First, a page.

Picture of woman in mask opening door

Helping Small Businesses in High-Need Neighborhoods Stay Healthy

Ify Azogi’s African and Caribbean Central Market has seen a decline in customers since the pandemic began.

The owner of a small business in one of Monroe County’s poorest neighborhoods, she’s doing her best to keep the doors open.

“People feel afraid. They’re scared of coming out,” she said. “I’ve been here since 10:30 this morning and the store has been mostly empty.”

Hit hard by the pandemic, many small businesses are struggling – especially those in minority neighborhoods with high infection rates.

Business owners like Azogi and their employees put themselves and their families at great risk every day so we have access to the services and goods we need.

“This pandemic has put many local small businesses at risk,” said Jim Reed, president and CEO-elect of Excellus BlueCross BlueShield. “It is important for our community’s businesses to have the personal protection equipment they need to safely stay open and continue serving their customers.”

Personal Protective Equipment –essential for essential businesses and workers

Personal protective equipment (PPE) like masks, gloves, disinfectant, and hand sanitizer have been essential tools throughout the pandemic, protecting businesses, workers and customers from infection and the spread of the virus.

On a Saturday morning in early December, owners of 200 small businesses turned out to receive kits containing personal protective equipment (PPE) to help keep their employees and customers safe. The kits contained a digital thermometer, face masks and shields, disinfectant, hand sanitizer and paper towels.

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Excellus BCBS provided $40,000 to Monroe County to purchase and distribute 400 PPE kits to essential minority and women-owned businesses in the county’s neediest zip codes. Regional Distributors packaged the PPE kits and delivered them to the distribution sight.

Safety…

Azogi said the PPE helps her customers feel safe. “Before, if a customer came to the door without a mask, I couldn’t let them in,” she said. “Now, I can gladly give them one. Customers are grateful. They say, “oh, I can have one?! Thanks! And I don’t have to turn anyone away.”

…and peace of mind

Lorna Underwood is using the PPE at her family-owned Caribbean Heritage Restaurant.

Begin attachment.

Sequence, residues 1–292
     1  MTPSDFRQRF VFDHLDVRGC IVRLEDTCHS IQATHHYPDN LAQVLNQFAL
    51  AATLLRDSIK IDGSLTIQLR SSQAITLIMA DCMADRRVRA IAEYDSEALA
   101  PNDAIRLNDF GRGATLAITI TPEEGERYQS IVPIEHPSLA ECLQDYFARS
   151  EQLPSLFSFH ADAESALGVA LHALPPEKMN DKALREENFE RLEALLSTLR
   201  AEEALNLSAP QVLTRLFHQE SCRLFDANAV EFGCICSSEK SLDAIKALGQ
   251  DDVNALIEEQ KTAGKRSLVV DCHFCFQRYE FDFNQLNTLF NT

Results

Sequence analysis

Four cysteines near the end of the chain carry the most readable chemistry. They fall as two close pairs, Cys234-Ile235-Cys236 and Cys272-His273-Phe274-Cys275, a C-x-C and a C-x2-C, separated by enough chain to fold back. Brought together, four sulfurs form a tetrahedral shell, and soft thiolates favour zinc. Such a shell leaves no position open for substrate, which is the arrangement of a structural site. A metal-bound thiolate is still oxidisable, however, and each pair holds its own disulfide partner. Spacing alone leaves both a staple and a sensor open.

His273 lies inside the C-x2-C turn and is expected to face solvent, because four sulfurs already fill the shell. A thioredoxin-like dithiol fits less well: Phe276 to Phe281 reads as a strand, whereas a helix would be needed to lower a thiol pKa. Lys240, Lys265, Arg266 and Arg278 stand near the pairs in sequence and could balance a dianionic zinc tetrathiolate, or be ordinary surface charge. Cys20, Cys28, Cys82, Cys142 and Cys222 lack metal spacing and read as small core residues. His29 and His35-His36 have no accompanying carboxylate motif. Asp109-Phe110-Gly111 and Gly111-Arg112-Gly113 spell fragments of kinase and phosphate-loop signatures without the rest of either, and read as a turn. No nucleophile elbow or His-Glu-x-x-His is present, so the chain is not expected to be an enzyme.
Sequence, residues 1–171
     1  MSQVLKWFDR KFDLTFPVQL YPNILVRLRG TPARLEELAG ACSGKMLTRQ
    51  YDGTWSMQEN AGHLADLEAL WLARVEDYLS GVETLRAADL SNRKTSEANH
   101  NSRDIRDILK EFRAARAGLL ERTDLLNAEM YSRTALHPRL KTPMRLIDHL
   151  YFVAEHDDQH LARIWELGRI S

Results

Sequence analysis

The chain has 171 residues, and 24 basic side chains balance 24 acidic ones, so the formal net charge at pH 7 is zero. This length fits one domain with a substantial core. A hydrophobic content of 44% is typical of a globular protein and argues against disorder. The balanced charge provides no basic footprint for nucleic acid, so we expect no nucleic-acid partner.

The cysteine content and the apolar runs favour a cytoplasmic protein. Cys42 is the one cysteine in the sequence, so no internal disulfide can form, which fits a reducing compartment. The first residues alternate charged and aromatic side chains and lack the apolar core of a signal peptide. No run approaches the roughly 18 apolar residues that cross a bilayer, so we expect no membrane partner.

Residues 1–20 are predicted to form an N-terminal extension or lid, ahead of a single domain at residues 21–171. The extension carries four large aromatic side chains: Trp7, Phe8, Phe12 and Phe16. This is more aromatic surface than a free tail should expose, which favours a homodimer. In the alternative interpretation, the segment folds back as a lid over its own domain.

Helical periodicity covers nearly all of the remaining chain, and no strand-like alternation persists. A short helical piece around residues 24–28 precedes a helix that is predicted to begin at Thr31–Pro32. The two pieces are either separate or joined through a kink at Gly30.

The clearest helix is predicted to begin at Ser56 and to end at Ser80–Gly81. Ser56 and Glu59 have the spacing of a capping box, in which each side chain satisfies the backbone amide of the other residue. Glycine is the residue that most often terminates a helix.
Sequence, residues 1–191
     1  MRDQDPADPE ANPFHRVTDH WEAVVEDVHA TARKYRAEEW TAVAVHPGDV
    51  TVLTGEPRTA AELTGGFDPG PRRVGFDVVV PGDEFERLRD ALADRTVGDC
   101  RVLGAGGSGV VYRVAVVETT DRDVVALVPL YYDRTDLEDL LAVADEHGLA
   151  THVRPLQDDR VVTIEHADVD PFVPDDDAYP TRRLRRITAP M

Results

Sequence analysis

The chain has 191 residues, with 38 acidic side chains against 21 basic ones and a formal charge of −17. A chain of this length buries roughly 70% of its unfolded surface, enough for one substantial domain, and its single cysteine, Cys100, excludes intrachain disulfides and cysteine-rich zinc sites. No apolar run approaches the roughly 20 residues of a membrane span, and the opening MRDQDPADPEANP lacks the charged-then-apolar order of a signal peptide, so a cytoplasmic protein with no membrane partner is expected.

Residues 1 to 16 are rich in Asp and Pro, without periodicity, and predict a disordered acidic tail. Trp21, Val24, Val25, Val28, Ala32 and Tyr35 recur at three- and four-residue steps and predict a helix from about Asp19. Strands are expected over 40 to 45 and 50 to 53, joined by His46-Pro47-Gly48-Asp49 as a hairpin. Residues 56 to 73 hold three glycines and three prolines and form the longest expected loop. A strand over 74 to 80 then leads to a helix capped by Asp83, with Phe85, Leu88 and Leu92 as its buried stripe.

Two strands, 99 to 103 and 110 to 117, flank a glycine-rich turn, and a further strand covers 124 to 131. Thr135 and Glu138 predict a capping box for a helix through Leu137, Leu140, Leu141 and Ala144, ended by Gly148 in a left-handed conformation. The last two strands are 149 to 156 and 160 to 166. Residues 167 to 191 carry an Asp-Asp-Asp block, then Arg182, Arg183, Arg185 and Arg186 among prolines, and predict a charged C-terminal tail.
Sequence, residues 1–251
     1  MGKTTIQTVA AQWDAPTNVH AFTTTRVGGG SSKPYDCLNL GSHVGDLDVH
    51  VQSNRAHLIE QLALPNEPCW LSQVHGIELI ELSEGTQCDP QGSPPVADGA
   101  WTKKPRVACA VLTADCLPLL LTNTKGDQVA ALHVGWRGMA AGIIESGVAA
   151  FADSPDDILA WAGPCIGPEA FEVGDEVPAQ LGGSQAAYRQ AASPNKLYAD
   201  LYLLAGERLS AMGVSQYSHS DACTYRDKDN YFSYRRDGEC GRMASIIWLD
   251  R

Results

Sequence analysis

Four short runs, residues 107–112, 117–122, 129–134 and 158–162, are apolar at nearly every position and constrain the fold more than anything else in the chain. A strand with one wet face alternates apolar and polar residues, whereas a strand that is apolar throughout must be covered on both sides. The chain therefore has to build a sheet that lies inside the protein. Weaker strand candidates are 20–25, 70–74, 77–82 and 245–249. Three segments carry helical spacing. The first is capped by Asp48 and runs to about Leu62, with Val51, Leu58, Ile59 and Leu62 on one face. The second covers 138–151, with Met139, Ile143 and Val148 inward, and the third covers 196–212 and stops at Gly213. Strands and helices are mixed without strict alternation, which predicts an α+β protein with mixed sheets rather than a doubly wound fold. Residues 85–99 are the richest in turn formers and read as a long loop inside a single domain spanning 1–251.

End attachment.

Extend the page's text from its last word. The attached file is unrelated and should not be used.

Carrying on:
After years in the catering business, she and her husband, Jerome, opened the restaurant in March 2019 and, in March 2020, they had to close. Two weeks later, they reopened for take-out only.

“We’re not as busy. We lost business, but we keep going. We’re doing everything we possibly can,” she said.

She’s been putting the disinfectant to good use, cleaning and wiping down counters and door handles. “And masks, especially,” she said. “If someone doesn’t have one, I can hand them one with a reminder they need to wear a mask. Especially the young people, the invincible ones!”

Receiving the PPE, she said, gives her a great deal of peace of mind, helping with customer and employee safety, as well as some financial relief. “Otherwise we would have had to find money to buy it,” she said.

Picture of Adam Bello

Monroe County Executive Adam Bello and volunteers distribute PPE kits.

“We want to ensure that essential retail and other businesses have the tools they need to better serve their customers and keep our neighborhoods safe,” said Monroe County Executive Adam Bello. “I am grateful to Excellus BCBS for their generous grant, and to Regional Distributors for stepping up to help us with this important initiative.”

Underwood is optimistic. “We’re not going to close our doors. Customers are glad we’re open and this helps us find a way to stay open. In the meantime, we’ll stay the course. We do what we can to help our customers. Hospitality is who I am – it’s still working out.”

Picture of Adam Bello

Monroe County Executive Adam Bello and volunteers distribute PPE kits.

Picture of a pill bottle

Your Questions About Medication Adherence Answered